As we execute the 2024 plan, we will continue to look for effective ways to expand our impact to ensure that we have the largest and fastest impact possible, adding our immediate and essential piece to global climate change mitigation efforts. 

Permanence

Emission reductions are considered permanent if they are not reversible. In some projects, such as forestry or soil preservation, carbon offset credits are issued based upon the volume of CO2 that will be sequestered over future decades—but human actions and natural processes such as forest fires, disease, and soil tillage can disrupt those projects. When that happens, the emission reductions claimed by the project are reversed.

The destruction of halocarbon does not carry this risk. All destruction activities in Tradewater’s projects are conducted pursuant to the Montreal Protocol , which requires “a destruction process” that “results in the permanent transformation, or decomposition of all or a significant portion of such substances.” Specifically, the destruction facilities Tradewater uses must meet or exceed the recommendations of the UN Technology & Economic Assessment Panel , which approves certain technologies to destroy halocarbons, including the requirement that the technology achieve a 99.99% or higher “destruction and removal efficiency.” Simply put, this means that Tradewater’s technologies ensure that over 99.99% of the chemicals are permanently destroyed. During the destruction process, a continuous emission monitoring system is used to ensure full destruction of the ODS collected.

Accuracy

Some carbon offset projects necessarily rely on estimations or assumptions when calculating the emission reductions from project activities. Forestry projects, where developers make assumptions about the carbon that will be sequestered over future decades if trees are conserved, are a perfect example. Such projects sometimes result in an overestimation of the environmental benefit of the project.

Tradewater’s halocarbon projects avoid the issue of overestimation by consistently conducting extremely precise testing and measurement of the amount of refrigerant destroyed in each project.

  • Every container of ODS that Tradewater destroys is weighed by a third-party using regularly calibrated scales. The ODS is then sampled by a third-party and analyzed by an accredited refrigerant laboratory to determine its species and purity. These two steps combine to ensure that credits are issued only for the precise volume and type of refrigerant destroyed.
  • The destruction facilities that Tradewater uses continuously monitor the incineration process during destruction events to ensure that over 99.99% of the ODS is destroyed. This monitoring is mandated by regulatory protocols and is part of the verification process to which projects are subjected.
  • Tradewater accounts for the project emissions created during the collection, transport, and destruction of ODS, and the number of offsets issued is reduced by a corresponding amount. The protocols that we use also build in other reductions to account for substitute chemicals that will be used to replace the destroyed refrigerants. Tradewater publishes this information in the documentation for all its ODS destruction projects. These documents outline how the material was obtained, the project emissions calculations, the test results, and the amount and type of ODS chemicals destroyed, among other information.
  • Additionality

    It is a basic requirement of all carbon offset projects that the underlying project activities are additional. “Additional” means that the projects would not happen in the absence of a carbon market. Tradewater’s halocarbon projects simply would not happen – and the gases would be left to escape into the atmosphere – without the sale of the resulting carbon offset credits. This is because there is no mandate to collect and destroy these gases. It is still permissible to buy, sell, and use halocarbons that were produced before the ban. There are other reasons halocarbon destruction projects are additional:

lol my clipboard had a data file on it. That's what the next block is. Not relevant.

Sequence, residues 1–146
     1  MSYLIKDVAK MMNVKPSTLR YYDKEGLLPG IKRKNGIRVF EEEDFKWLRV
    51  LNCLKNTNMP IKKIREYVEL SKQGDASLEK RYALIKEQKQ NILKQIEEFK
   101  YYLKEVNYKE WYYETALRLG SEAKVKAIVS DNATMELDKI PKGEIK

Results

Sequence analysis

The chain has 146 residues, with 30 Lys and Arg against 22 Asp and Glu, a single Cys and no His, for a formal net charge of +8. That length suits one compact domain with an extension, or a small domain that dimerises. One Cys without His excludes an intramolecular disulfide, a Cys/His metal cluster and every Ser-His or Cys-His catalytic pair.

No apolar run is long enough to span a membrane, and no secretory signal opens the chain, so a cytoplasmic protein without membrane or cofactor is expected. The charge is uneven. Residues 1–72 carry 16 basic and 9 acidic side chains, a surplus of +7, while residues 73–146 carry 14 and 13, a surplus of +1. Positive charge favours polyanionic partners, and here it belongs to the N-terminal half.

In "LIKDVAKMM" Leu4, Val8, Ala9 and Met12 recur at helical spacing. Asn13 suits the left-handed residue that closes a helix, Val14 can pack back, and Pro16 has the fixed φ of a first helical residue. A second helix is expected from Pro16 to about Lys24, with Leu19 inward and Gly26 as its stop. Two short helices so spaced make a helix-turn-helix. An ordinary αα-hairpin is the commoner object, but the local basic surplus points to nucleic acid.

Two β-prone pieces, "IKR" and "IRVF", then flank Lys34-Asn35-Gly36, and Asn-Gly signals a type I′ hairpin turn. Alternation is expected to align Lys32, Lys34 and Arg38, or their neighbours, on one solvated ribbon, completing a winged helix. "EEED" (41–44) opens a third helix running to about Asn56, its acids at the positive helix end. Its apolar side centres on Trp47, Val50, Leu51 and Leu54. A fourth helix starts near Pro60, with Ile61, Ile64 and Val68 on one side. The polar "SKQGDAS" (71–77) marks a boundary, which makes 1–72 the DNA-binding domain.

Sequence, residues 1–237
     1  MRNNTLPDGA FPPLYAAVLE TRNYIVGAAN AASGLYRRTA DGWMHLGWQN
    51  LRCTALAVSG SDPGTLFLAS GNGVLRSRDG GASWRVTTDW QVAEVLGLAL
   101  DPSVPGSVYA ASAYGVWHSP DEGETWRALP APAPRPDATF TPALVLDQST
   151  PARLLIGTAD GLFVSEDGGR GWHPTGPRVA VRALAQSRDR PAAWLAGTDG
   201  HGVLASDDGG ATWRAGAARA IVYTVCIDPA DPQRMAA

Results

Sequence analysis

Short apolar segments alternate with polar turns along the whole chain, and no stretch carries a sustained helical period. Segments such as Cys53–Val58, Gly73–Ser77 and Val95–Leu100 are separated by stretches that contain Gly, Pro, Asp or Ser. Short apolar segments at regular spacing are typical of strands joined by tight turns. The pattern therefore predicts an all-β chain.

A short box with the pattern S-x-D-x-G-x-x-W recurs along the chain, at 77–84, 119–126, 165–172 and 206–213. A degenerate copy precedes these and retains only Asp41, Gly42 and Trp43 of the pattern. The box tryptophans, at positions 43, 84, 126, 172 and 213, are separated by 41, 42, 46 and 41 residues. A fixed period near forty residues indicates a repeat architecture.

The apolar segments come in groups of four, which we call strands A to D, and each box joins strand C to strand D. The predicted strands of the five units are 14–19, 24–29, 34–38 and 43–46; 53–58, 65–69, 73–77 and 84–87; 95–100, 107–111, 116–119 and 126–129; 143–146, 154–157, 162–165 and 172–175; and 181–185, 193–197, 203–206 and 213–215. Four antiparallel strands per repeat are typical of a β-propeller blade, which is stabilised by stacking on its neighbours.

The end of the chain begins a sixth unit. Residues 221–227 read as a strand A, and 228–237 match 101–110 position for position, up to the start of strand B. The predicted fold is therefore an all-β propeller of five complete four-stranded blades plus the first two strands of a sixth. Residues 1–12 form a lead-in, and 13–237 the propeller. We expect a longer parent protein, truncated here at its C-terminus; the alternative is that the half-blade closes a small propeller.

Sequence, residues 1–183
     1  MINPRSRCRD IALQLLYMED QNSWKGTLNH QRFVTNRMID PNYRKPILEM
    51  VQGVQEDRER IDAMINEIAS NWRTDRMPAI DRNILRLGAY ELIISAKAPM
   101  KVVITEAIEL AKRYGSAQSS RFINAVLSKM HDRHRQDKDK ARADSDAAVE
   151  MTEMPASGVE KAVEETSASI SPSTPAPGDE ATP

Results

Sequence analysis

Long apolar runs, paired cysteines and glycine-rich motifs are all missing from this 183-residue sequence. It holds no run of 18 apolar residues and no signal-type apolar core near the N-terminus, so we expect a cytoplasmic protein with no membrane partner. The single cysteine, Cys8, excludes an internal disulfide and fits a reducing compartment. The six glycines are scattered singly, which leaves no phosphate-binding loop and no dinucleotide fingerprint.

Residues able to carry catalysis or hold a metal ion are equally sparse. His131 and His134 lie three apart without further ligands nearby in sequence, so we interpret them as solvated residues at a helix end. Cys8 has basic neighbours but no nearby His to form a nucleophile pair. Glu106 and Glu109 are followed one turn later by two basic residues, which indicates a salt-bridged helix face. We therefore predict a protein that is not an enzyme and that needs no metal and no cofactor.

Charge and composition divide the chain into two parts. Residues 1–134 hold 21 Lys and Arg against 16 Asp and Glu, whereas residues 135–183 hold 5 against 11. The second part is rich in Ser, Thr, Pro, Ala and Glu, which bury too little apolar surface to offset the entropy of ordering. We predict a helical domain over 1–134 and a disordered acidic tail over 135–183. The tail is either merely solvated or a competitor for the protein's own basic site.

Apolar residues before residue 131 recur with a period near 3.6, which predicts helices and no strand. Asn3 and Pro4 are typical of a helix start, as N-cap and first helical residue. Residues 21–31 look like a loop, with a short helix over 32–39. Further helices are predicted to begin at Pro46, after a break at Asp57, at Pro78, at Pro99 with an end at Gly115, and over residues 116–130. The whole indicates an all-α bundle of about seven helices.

• There are no incentives or financial mechanisms to encourage halocarbon destruction. According to the International Energy Agency and United Nations Environment Program, “there is rarely funding nor incentive” to recover and destroy ozone depleting substances in storage tanks and discarded equipment. And collecting, transporting, and destroying halocarbons is time-intensive and expensive. The burden to collect and destroy these gases therefore remains prohibitive outside of carbon offset markets—meaning that if organizations like Tradewater do not do this work, nobody else will.
    • Countries are not focused on the need to collect and destroy halocarbons. The Montreal Protocol has been celebrated as a success because of its production ban. This success, however, ignores the legacy gases produced before the ban and is a blind spot for government regulators. In the U.S., for example, the Environmental Protection Agency (EPA) developed a Vintaging Model in the 1990s to estimate the quantify of ozone depleting substances left in circulation. Based on the inputs and assumptions put into the model, the EPA predicted that no CFCs would be available for recovery beyond 2020 in the United States. But this prediction did not prove accurate. Tradewater has collected and destroyed more than 1.5 million pounds of CFCs globally in recent years and continues to identify thousands of pounds per week.
    • International carbon accounting standards do not require corporations to measure or track emissions tied to halocarbons, and refrigerants are specifically excluded from Science Based Targets initiative (SBTi) commitments. These commitments derive from emissions reporting under the GHG Protocol, which requires companies to report on emissions only from new generation refrigerants, such as hydrofluorocarbons (HFCs), but does not establish any obligation to report inventories or emissions of refrigerants still in use, such as CFCs and HCFCs. All these factors combine to make Tradewater’s carbon offset projects highly additional. As Giving Green, an initiative of IDinsight, concluded: “Tradewater would not exist without the offset market, so this element of additionality is clearly achieved.” The case for additionality is not so clear for some other project types, such as forestry and landfill gas carbon projects. For example, some forests are already being conserved for their beauty, or for use as parks, and generate carbon offset credits only because those conservation efforts do not yet have full formal protection in place to avoid deforestation in the future. Similarly, methane from landfills can be used to make electricity or captured as compressed natural gas, thereby creating additional revenue streams to support the activities, beyond the sale of carbon credits.